• While the novel technology has been illustrated and described in detail in the drawings and foregoing description, the same is to be considered as illustrative and not restrictive in character. It is understood that the embodiments have been shown and described in the foregoing specification in satisfaction of the best mode and enablement requirements. It is understood that one of ordinary skill in the art could readily make a nigh-infinite number of insubstantial changes and modifications to the above-described embodiments and that it would be impractical to attempt to describe all such embodiment variations in the present specification. Accordingly, it is understood that all changes and modifications that come within the spirit of the novel technology are desired to be protected.

Claims (23)

1. A multilayer ceramic capacitor, comprising:
a plurality of electrode layers; and
a plurality of substantially titanium dioxide dielectric layers;
wherein each respective substantially titanium dioxide dielectric layer is positioned between two respective electrode layers;
wherein each respective substantially titanium dioxide dielectric layer has an average grain size of between about 200 and about 300 nanometers; and
wherein each respective substantially titanium dioxide dielectric layer has maximum grain size about 400 nanometers.
2. The multilayer ceramic capacitor of claim 1 wherein each respective substantially titanium dioxide dielectric layer has a maximum porosity of about 1 percent.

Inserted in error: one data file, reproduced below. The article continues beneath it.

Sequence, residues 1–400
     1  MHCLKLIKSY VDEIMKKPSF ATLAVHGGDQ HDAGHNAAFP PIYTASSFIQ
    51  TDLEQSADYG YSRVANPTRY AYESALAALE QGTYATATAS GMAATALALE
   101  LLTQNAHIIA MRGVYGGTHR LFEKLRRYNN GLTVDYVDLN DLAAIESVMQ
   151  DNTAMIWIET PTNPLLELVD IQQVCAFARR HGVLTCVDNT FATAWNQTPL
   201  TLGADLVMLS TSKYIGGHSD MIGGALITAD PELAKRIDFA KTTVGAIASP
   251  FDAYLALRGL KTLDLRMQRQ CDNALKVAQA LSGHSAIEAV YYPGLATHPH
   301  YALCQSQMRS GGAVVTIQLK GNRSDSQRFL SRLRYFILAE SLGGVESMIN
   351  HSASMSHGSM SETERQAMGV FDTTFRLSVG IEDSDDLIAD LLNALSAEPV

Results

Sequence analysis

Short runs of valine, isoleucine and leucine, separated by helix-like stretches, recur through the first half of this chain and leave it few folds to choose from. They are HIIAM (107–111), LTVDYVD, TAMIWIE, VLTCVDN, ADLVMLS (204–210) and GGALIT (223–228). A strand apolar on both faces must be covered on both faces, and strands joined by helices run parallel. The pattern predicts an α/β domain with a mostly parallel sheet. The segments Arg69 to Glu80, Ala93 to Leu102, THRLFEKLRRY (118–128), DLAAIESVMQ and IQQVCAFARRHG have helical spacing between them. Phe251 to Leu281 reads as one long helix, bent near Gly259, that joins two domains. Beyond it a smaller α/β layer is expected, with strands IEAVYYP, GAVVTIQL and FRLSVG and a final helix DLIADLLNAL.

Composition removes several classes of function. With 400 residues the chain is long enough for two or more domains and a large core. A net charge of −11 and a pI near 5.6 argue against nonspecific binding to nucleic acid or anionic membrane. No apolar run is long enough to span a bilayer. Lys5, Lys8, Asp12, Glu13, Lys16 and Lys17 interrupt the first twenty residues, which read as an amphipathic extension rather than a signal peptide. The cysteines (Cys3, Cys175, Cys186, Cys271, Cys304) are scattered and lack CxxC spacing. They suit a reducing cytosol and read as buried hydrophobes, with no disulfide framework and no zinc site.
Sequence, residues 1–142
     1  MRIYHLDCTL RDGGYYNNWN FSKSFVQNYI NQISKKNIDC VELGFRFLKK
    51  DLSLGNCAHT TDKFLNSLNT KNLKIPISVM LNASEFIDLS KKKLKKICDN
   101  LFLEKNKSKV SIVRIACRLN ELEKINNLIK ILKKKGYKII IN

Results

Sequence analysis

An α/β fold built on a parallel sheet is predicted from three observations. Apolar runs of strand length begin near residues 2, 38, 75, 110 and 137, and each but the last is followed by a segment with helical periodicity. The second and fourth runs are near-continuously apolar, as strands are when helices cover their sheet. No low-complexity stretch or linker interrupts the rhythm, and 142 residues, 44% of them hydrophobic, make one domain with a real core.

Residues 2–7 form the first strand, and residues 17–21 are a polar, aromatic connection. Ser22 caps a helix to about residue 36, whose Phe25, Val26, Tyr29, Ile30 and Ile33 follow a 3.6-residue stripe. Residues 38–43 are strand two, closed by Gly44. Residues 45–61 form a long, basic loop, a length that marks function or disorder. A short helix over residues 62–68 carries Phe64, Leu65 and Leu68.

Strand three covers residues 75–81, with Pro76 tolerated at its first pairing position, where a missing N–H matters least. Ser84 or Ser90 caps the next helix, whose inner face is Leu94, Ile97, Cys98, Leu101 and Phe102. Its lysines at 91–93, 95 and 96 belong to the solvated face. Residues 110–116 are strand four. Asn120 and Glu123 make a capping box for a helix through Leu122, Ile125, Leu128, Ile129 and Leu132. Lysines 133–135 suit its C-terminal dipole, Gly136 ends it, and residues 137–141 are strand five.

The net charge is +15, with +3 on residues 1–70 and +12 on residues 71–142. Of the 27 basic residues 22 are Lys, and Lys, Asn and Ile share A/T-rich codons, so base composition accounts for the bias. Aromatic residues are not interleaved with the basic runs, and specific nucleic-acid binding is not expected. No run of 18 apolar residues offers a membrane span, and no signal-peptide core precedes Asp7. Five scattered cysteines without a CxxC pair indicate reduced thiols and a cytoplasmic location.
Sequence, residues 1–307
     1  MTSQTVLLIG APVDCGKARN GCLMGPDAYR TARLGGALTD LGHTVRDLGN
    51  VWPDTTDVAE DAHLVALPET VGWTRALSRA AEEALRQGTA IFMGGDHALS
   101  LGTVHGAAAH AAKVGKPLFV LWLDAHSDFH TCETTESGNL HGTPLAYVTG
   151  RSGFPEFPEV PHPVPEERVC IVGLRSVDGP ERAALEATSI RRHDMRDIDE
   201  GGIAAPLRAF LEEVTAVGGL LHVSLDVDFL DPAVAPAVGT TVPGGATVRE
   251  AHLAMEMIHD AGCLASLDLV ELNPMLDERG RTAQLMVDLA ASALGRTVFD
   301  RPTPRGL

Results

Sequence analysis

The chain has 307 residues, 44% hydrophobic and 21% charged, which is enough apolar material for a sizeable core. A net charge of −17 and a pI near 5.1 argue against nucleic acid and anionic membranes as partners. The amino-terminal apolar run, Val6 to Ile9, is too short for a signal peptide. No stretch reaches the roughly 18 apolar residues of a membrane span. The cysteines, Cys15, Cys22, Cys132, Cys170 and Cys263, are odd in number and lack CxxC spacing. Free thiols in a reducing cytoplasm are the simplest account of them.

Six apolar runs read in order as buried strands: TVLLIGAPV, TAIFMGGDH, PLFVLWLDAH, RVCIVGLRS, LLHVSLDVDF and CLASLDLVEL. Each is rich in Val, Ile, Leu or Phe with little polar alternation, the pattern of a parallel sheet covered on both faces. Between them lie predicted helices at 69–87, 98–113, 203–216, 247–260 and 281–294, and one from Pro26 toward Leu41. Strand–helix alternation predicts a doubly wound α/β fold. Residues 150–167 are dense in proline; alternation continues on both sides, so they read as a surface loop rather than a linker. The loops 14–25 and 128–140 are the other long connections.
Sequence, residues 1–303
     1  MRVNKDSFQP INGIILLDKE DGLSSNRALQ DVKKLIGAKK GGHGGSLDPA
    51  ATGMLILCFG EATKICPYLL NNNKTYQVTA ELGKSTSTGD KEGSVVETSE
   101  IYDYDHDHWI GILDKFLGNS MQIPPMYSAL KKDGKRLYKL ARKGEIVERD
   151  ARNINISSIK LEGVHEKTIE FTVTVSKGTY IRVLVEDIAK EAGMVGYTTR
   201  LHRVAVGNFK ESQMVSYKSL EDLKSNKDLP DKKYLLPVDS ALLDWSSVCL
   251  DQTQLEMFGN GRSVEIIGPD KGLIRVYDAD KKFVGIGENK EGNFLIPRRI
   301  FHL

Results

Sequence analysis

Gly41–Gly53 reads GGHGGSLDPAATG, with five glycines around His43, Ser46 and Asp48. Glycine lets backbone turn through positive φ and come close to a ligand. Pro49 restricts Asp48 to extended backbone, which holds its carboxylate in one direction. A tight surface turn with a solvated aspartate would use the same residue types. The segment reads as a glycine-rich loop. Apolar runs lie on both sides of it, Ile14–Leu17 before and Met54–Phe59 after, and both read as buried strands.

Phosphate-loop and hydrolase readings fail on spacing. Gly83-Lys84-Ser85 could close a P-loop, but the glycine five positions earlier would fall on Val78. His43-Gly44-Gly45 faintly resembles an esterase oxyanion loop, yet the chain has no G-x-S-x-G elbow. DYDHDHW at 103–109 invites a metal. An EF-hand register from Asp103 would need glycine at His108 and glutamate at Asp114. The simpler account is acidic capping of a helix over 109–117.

3. The multilayer ceramic capacitor of claim 1 wherein each respective substantially titanium dioxide dielectric layer has a maximum porosity of about 0.5 percent.
4. The multilayer ceramic capacitor of claim 1 wherein each respective substantially titanium dioxide dielectric layer has a maximum porosity of about 0.1 percent.
5. The multilayer ceramic capacitor of claim 1 wherein the multilayer ceramic capacitor has an energy storage capacity of at least about 5 Joules per cubic centimeter.
6. The multilayer ceramic capacitor of claim 1 wherein the multilayer ceramic capacitor has an energy storage capacity of at least about 10 Joules per cubic centimeter.
7. The multilayer ceramic capacitor of claim 1 wherein the multilayer ceramic capacitor has an energy storage capacity of at least about 20 Joules per cubic centimeter.
8. The multilayer ceramic capacitor of claim 1 wherein the multilayer ceramic capacitor has an energy storage capacity of at least about 50 Joules per cubic centimeter.